Typical Richmond street: sleepy and quiet; we're told it gets really nice and green here in the summer (November-Feb/March). It is a semi-desert though, so we're not holding our breath.
"Downtown" Richmond, Loop Street; Driesfontein Retirement Home is in the foreground on the right, directly next door to our house on Loop Street (Loopstraat). While practicing guitar on our front porch, an old lady on her way home asked if I would come play for all the old folks sometime. I said I might be able to, once I get a bit better at playing. I've since realized they have cable TV there so, Hilda, put me down for 3 o'clock next Tuesday.
Richmond Signs: The "Drankwinkel" is not only an awesome word for liquor store but also the busiest shop in town; Guest Houses are big business here; you already know how I feel about the prison; I have no idea what Groenvlei means; and the arrow to the airport refers to a dirt landing strip out thatta way in the middle of the desert (Anna and I have run out there...don't plan on flying in to visit anytime soon).
Another epic sunset in the Karoo
Thursday, September 10, 2009
Here is one of our Skillz placards set up before an intervention at the high school (for this activity, "Team Talk," kids are read a statement about healthy behavior or decisions relevant to HIV/AIDS and, based on their stance on the issue, they either run to agree or disagree; e.g. "I would be willing to take an HIV test")
And, second, a photo of Saddam doing what he does best (besides shredding goal nets and breaking defenders' ankles as the All Stars star striker), leading a discussion during one of the interventions.
Anna and I currently have the pleasure of a visit from some GRS higher-ups, Zak Kaufman (a recent Dartmouth grad who does all of of Grassroot Soccer's Monitoring and Evaluation) and Derek Daniels, a black South African who is one of GRS’ master coaches now, meaning he is in charge of training new coaches and making sure existing programs are chugging along. They’re here to check in on how things are going in Richmond and bring a wider GRS strategic perspective to our little paradise here in Richmond. And that, friends, is why this post is titled Gangster’s Paradise. Just kidding. This is why:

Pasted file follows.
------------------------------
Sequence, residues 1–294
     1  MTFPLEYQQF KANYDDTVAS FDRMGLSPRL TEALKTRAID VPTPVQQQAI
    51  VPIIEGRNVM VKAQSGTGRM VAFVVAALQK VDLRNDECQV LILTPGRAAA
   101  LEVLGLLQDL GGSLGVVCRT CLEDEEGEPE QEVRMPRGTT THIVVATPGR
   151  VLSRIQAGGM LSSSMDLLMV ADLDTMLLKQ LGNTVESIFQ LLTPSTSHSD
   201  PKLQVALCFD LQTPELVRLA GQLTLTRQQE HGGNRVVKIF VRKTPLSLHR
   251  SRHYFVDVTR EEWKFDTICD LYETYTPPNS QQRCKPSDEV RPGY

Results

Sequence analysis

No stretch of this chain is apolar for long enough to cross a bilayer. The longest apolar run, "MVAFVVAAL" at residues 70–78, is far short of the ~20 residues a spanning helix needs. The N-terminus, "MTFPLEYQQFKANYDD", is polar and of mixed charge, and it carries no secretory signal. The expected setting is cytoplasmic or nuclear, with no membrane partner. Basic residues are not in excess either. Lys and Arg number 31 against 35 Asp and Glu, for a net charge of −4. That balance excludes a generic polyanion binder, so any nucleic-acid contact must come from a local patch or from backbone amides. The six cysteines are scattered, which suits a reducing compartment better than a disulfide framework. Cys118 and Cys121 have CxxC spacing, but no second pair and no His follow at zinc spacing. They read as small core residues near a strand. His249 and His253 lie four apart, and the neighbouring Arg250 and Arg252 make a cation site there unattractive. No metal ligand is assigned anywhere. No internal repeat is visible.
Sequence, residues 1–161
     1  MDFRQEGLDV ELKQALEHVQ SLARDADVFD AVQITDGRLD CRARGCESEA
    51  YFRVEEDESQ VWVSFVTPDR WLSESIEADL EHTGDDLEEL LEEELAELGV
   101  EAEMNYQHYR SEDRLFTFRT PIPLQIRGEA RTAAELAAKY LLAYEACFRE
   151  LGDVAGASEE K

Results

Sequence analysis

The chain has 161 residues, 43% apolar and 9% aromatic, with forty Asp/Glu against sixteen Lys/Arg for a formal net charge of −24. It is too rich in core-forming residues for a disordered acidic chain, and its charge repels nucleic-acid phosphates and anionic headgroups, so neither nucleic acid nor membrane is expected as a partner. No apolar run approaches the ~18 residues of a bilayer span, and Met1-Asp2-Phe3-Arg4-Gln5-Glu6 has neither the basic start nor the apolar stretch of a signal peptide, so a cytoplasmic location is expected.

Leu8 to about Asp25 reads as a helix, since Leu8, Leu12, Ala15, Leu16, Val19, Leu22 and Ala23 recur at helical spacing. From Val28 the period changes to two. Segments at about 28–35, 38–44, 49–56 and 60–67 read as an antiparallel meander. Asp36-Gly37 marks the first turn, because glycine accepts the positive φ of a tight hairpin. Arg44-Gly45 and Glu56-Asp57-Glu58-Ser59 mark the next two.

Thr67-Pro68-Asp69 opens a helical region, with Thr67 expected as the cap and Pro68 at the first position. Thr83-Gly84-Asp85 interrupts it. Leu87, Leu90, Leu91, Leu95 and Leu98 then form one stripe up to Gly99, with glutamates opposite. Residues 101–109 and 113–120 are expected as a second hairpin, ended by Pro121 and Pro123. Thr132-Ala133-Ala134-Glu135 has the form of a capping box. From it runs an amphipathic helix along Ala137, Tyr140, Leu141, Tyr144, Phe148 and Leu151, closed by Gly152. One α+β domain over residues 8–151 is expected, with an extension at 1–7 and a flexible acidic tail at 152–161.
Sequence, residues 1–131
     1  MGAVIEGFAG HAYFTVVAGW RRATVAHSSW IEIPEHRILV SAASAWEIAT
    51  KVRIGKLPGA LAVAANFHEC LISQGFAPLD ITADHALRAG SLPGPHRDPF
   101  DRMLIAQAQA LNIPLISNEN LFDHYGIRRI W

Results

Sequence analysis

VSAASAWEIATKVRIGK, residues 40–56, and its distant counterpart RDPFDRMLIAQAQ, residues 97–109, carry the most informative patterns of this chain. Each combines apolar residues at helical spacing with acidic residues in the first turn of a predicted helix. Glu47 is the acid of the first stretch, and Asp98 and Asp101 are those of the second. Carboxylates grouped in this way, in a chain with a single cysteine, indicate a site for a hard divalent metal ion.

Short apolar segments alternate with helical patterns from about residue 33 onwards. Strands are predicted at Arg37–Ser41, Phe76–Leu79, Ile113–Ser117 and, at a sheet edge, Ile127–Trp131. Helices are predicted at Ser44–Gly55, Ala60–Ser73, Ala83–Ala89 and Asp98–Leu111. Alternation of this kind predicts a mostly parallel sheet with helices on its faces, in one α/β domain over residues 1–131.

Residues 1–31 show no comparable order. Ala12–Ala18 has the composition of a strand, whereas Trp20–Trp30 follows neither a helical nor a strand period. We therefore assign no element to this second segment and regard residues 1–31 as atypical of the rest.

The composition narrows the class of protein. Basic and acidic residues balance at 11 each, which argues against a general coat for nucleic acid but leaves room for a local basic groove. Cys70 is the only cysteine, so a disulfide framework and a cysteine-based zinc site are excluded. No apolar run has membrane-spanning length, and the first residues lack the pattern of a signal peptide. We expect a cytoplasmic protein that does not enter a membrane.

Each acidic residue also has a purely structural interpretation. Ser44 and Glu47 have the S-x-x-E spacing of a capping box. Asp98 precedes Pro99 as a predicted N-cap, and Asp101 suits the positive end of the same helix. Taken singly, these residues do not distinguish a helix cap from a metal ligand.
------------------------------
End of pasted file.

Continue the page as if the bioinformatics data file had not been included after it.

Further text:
This morning me, Anna, Derek and Zak were walking from our house to Richmond Höerskool (the one high school in Richmond…henceforth referred to as Richmond High) for an early-morning intervention (GRS-speak for one of the HIV/AIDS education sport practices; the full curriculum is made up of 8 sequential interventions, each 45 minutes long). Our route takes us down a long, straight paved road which passes the police station, goes over a bridge, comes alongside the “prison” (quotation marks to be explained soon) and arrives at Richmond High. We were walking next to the “prison,” about 100 yards away from the high school, when six (SIX) police trucks (they don’t have squad cars here, they roll in trucks with the back bed covered and tricked out with barred windows and outward-locking doors so it can hold people they detain) and two unmarked police cars flew past us down the road, parked in formation outside the high school, and emptied 15 police officers, who swarmed out towards the main entrance of RHS.
We need to reflect on this for a second, because you have to realize that in the course of a day Anna and I might see five cars in Richmond, one of which may be a police truck. The fact that screaming past us came what must have been the Richmond Police Department’s entire vehicle fleet and every officer in its employ, including the police chief Marius and vice-chief Roy (we’re on a first name basis…), is NOT within the ordinary. As any of you who have been reading this blog with any measure of consistency will surely know, Richmond is a very small, very quiet place. My first reaction to seeing this assault force cruise past us was that we were either witnessing a joint operation by every town in a 100 mile radius, or that they found Osama.
Neither was the case. But it was EVERY SINGLE active officer from the RPD (if only the town’s goat bandits and tractor thieves had known about the operation!). As we approached the high school I went over to vice-chief Roy and—as I saw the 15 officers fan out in three squads of 5 to cover all the exits of the school--asked if it was safe (and chuckled inside my head as I asked such a ridiculous question) to go in there for our HIV education session. Roy, looking up at me from a game on his cell phone, told me that it was a simple search of the premises. He said that there had been a fight recently between two groups of teenage boys [Ha, we actually already knew about this since it happened at the community center and we had to break it up…Your move, South African Criminal Intelligence Agency] and it was enough of a cause for concern that they wanted to check the school for weapons and drugs. Smiling, Roy said, “We can’t have this place turning into a Gangster’s Paradise.”